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Bush admin. divided on South Ossetia Wednesday, 20 August, 2008

Posted by Farbod in Interviews.
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Press TV – Bush admin. divided on South Ossetia.

Tue, 19 Aug 2008 15:37:55 GMT
By Hassan Tavakoli, Press TV, Tehran

The following is Press TV’s exclusive full-length interview with investigative Journalist, Gareth Porter from Washington on the South Ossetian conflict.

Press TV: Russia’s President says Georgia could not go ‘unpunished’ for attacking South Ossetia, and that further aggression would have a crushing response. Seems he is very serious?

Porter: Well, clearly Russia is about showing its complete dominance in this area and its military activities are aimed at showing that, demonstrating that very clearly.

There has never been any intention clearly to occupy Georgia permanently or to bring it under Russian control but, certainly, they are demonstrating that this area is certainly part of the Russian sphere of security…the security sphere of Russia…and therefore they are taking their time about withdrawing and making a political point.

One of course, that is cutting both ways, it’s… locally it’s having the effect of underlining Russian power but internationally it is helping the opponents of the Russians, garner greater support for punishing Russia in many ways.

Press TV: There is this question that many have been asking, why did this conflict ever start?

Porter: This is a conflict, of course, that reflects the interests of both the hardliners in Washington and the hardline being taken by President Saakashvili of Georgia and there is an alignment here which, I think, has to be understood as part of the background of what happened this month.

The situation has to be understood as a reflection of a deeply divided government in Washington. As I have said on other issues, particularly Iran, the Bush administration has two lines toward Russia.

One line represented by Secretary Rice and Secretary Gates which is a moderate line of trying to avoid destabilization in the region of the Caucuses.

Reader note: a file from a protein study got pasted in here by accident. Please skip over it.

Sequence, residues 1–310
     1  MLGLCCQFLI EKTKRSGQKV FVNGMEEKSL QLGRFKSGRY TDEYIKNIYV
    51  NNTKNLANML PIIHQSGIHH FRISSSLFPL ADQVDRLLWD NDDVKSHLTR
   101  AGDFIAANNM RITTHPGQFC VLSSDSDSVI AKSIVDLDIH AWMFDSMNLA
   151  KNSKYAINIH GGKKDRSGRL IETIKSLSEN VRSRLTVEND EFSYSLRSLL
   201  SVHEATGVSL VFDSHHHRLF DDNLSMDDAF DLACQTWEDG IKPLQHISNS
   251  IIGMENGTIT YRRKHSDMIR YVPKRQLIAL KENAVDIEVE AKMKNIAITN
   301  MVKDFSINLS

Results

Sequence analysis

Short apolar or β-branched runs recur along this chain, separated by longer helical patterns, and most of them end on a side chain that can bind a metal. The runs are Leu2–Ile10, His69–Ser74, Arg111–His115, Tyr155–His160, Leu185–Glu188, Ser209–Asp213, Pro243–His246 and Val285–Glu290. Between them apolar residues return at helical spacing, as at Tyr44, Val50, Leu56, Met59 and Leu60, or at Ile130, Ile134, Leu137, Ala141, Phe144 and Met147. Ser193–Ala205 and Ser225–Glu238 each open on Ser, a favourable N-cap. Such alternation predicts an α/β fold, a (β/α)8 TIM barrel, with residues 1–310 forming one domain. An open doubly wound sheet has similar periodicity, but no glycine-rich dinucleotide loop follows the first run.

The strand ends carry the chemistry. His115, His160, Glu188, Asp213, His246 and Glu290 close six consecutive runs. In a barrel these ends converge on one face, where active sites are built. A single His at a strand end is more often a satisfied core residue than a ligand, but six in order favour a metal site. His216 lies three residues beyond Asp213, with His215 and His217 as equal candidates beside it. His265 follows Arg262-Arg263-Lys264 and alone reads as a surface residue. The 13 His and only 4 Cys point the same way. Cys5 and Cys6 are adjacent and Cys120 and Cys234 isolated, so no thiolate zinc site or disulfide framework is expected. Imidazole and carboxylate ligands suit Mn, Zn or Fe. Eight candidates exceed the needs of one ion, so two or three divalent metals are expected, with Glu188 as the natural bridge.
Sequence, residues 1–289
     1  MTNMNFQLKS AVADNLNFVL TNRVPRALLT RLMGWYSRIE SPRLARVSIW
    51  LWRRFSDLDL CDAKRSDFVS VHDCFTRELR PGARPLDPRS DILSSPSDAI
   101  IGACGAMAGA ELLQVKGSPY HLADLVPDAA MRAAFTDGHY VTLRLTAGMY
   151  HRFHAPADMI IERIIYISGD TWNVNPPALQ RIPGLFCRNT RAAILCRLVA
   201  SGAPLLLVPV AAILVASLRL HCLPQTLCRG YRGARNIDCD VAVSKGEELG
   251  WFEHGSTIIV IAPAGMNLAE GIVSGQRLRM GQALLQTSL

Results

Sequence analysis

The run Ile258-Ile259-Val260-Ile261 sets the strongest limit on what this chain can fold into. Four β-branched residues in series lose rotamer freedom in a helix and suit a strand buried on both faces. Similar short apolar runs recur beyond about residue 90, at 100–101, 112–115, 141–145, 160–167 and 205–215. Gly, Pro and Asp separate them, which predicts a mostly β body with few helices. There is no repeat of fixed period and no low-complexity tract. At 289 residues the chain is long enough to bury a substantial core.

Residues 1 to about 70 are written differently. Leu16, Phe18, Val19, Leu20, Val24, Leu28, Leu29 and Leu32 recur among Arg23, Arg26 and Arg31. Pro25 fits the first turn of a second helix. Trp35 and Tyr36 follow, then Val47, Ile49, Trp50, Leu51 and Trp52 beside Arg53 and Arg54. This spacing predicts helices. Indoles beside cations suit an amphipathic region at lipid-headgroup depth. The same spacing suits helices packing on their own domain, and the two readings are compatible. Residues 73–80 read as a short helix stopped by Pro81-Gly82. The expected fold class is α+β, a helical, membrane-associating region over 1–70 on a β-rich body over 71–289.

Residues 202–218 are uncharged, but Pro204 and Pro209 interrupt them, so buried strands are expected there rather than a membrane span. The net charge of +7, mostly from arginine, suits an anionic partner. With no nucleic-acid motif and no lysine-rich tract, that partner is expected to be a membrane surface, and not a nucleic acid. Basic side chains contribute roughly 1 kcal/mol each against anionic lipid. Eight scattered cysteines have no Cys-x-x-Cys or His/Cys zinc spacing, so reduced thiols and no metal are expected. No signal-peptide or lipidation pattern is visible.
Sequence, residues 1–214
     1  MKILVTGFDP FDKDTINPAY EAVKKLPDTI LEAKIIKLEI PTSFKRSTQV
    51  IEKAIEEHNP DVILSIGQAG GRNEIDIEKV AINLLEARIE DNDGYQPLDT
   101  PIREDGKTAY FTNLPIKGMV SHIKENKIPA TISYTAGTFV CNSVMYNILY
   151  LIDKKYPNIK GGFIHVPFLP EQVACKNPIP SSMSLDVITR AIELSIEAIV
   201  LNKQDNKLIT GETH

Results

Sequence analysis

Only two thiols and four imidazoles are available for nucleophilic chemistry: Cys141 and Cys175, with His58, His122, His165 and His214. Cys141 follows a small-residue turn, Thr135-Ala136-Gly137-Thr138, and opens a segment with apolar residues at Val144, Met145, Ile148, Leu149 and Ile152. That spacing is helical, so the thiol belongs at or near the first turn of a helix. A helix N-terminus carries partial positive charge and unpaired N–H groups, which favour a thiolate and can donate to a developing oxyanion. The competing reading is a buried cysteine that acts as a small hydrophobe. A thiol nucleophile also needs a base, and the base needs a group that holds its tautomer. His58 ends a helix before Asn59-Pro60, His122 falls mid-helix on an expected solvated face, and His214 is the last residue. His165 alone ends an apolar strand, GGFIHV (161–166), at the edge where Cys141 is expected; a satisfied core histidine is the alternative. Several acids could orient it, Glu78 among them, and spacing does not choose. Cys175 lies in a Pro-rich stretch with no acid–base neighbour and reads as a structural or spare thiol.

The other line, however, which is not heard of publicly, but is certainly important, is that of Vice-President Dick Cheney. And I think, it is reasonable to assume that Cheney did have a great deal of influence on George Bush in terms of the decision to go to NATO and insist on membership for Georgia and Ukraine which was a position that most NATO members did not support and particularly, of course, Germany and France did not support because of its destabilizing implications and because they would certainly not be willing to support the idea of a defense commitment to either Georgia or Ukraine.

Press TV: There is the question of the US and Israeli involvement in the conflict. Are we seeing a bigger political battlefield here?

Porter: Well, there is no doubt there is a bigger political battlefield from the point of view of the strategy of the strongly anti-Russian group of nations and particularly Israel and the United States and I must say that this situation of taking advantage of the Russian invasion of Georgia is very reminiscent of 1979 when the hardliners and the democratic administration of Jimmy Carter particularly Zbigniew Brzezinski prevailed in carrying out a secret covert operation in supporting the Mojahedeen in Afghanistan and they did so knowing that it would increase the chances of a Russian invasion of Afghanistan later on.

But you see the hardliners win either way and I think that’s what the calculation was on the part of the hardliners in the Bush administration as well because now they can use this to isolate Russia.

Press TV: NATO is holding an emergency meeting on the issue and of course we know that Georgia is seeking membership and that Russia is opposed. How balanced can we expect the result to be?

Porter: I don’t think that most NATO members will support the hardline that the Bush administration wants to take but there will ultimately be a compromise between that hardline and the more moderate line being supported by Germany and France, and so there would be some measures to punish Russia but not nearly as much as the United States would like.

Press TV: What options would there be if Georgia, or either side, doesn’t live up to its commitments?

Porter: Well, I’m not sure if you mean Georgia’s commitments to…the ceasefire accord…Well I think Georgia certainly has no choice but to abide by the ceasefire accord for the time being.

I don’t think we are going to see any serious violations by the Georgian side and I do think that the situation will gradually then return to normal in the sense that the Russians will retreat behind the pre-war lines.

Press TV: Of course, we have the issue of Kosovo’s independence. How serious and dangerous a precedent would have that set for South Ossetia that Georgia attacked it if that was the reason?

Porter: Well, there is no doubt that the Kosovo decision, that is the Western support for Kosovo’s independence, was used by Russia to justify a much harder line in South Ossetia to assert that.

That means that South Ossetia should get the same treatment as Kosovo has and certainly, in their minds, it justified the status that they believed South Ossetia should have and, of course, one that Georgia was unwilling to allow and which the United States was not going to support either.

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